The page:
(Written by Savannah Pickard)
If you call Benson your home, then you've probably seen him living the words, "sushi is life," behind the rail at Yoshitomo, maybe playing a show in his band, Carson City Heat, or perhaps even enjoying a drink at one of the many rad bars in the Benson neighborhood.
Sources have confirmed that Dave "Yoshi" Utterback is much more than just a sushi man, but I needed to find out for myself; so I sat down with the enigma himself earlier this week to talk a little bit about his journey and life as a restaurant owner and chef.
Can you fill me in on the time you've spent as a chef working your way to where you are now?
"I started out in my early 20s working a bunch of random management and retail jobs trying to, you know, find my way (in Omaha). I had always been interested in sushi and a buddy of mine had just gotten a job at Blue and he said he could get me a job there, too, so I put in an application. When I showed up and handed in my application, I was very poor, but I wanted some sushi. So I ate there but I tipped very badly and the waitress threw away my application. The chef that was working saw it and said, 'Who was that guy who just filled out an application!?' and the waitress was like, 'Oh, you don't want to hire him! He tips badly, that guy can't work here!' And after scolding her for throwing away my application, he got it out of the trash and hired me. So I like to say that my career literally started in the garbage."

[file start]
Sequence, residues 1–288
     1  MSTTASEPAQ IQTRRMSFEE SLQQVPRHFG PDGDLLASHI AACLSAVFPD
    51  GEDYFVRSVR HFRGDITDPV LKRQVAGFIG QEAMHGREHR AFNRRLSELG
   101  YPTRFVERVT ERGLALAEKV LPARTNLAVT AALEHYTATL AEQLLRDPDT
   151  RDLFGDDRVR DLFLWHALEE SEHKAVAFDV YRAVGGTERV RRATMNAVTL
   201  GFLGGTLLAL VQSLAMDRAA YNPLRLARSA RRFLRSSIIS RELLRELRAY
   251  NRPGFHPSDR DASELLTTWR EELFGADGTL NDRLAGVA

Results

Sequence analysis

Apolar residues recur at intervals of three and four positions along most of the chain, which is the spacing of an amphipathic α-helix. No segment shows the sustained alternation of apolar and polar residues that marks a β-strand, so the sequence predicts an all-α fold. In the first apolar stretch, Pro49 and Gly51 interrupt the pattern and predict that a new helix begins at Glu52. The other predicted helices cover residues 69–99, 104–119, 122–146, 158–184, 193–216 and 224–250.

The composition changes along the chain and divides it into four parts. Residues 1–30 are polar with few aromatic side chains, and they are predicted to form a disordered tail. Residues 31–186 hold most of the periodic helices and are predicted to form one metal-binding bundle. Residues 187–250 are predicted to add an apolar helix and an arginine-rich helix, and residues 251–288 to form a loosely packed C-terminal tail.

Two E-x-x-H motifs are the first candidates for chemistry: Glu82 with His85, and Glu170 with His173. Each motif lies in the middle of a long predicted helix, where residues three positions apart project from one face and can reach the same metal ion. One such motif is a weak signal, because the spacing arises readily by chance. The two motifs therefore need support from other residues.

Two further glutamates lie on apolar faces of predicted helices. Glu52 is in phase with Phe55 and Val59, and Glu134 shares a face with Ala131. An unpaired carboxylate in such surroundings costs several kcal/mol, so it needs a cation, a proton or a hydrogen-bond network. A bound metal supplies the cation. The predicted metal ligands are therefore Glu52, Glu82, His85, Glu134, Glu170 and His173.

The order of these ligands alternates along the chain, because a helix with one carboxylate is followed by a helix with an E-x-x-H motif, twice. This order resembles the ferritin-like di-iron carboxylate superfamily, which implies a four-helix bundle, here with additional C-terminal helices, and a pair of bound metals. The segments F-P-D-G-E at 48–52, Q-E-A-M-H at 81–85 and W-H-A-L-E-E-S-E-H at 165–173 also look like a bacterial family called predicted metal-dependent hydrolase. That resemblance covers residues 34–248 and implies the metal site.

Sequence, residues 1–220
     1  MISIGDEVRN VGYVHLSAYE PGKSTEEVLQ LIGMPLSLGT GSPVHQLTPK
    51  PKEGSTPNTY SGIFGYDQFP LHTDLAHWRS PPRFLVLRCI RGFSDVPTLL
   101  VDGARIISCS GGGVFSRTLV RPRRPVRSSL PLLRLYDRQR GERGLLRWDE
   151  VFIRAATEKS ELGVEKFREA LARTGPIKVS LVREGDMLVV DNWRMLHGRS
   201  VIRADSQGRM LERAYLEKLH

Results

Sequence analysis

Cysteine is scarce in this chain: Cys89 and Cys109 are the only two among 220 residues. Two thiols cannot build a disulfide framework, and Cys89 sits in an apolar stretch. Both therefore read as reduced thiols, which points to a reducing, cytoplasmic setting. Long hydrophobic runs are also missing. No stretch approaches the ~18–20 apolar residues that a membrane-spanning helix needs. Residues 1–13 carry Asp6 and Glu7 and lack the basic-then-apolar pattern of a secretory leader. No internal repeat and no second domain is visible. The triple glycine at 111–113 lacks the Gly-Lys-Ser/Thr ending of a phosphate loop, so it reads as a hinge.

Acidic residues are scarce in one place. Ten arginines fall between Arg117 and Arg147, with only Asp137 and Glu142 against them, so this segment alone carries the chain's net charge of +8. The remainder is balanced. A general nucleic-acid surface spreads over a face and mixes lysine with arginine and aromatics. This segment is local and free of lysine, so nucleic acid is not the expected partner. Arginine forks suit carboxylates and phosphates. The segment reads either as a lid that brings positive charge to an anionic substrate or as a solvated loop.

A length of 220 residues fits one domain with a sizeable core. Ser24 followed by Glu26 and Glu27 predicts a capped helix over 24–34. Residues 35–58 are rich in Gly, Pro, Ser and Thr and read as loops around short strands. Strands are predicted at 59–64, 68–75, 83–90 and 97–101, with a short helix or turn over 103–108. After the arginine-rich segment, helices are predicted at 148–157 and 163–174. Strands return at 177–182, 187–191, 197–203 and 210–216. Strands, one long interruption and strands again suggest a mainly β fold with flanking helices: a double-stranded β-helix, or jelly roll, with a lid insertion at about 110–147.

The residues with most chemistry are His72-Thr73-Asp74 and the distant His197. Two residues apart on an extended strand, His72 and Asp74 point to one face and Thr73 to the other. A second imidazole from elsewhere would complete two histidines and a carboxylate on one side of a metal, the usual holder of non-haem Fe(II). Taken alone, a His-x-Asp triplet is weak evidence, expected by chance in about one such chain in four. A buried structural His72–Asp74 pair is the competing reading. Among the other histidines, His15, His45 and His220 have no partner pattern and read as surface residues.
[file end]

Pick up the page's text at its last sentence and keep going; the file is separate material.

"I ended up working for Blue for quite a number of years, worked my way from the very bottom to chef, then lead chef, all the way to their corporate chef. I was head of sushi for about 7 years, and then you just hit a certain point and you decide on if you are going to continue building someone else's dream or if you are gonna go and put work into your own. After 12+ years it was time to start working on my own dream."
What about the initial conception and rough timeline of creating Yoshitomo? How long had this dream been in the works?
"I'd started thinking about owning my own restaurant early into my career as chef. You know, every chef, every cook talks about the restaurant they're going to have. So starting at day one, you think, 'My restaurant's gonna do this, this, and this,' but you say you're gonna do things and how you're going to do them without actively working on it. It's just talk. The real nuts and bolts of working on this restaurant started last year in January when I left Blue. I'd left the company and my choice was, again, either go work for somebody else for another 10+ years, or go beg, borrow, and steal (not literally) money to open my own restaurant. A lot of things like the way we approach food and a lot of the design elements of the restaurant I've been thinking about for a decade, but that goes back to chefs talking about their dreams. The real work for this restaurant started about a year and a half ago."